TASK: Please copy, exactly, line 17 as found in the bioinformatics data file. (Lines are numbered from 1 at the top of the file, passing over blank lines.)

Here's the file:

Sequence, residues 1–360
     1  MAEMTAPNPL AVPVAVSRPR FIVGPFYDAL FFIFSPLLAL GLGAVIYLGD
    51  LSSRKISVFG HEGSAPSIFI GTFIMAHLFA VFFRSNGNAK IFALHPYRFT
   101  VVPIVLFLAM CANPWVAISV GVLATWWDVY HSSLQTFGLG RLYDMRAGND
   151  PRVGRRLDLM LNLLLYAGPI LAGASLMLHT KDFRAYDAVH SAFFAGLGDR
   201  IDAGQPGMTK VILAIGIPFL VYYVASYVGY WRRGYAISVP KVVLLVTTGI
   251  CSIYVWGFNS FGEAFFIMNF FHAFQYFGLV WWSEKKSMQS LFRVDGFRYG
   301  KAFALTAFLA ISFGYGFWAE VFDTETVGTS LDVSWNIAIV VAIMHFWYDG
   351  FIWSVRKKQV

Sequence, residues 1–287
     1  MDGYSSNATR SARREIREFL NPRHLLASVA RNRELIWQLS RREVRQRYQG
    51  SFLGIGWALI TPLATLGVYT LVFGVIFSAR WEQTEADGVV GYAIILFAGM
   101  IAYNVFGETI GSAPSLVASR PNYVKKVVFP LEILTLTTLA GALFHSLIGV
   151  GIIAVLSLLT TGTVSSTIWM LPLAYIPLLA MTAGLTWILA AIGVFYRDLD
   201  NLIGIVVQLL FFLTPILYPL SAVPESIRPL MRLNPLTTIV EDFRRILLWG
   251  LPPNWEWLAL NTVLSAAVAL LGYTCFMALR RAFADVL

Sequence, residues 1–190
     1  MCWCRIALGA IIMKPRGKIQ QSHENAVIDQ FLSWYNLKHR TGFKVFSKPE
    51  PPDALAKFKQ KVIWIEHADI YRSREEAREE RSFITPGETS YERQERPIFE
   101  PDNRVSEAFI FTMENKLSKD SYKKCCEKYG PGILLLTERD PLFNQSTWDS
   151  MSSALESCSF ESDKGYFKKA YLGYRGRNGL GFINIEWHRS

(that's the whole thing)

Sequence, residues 1–190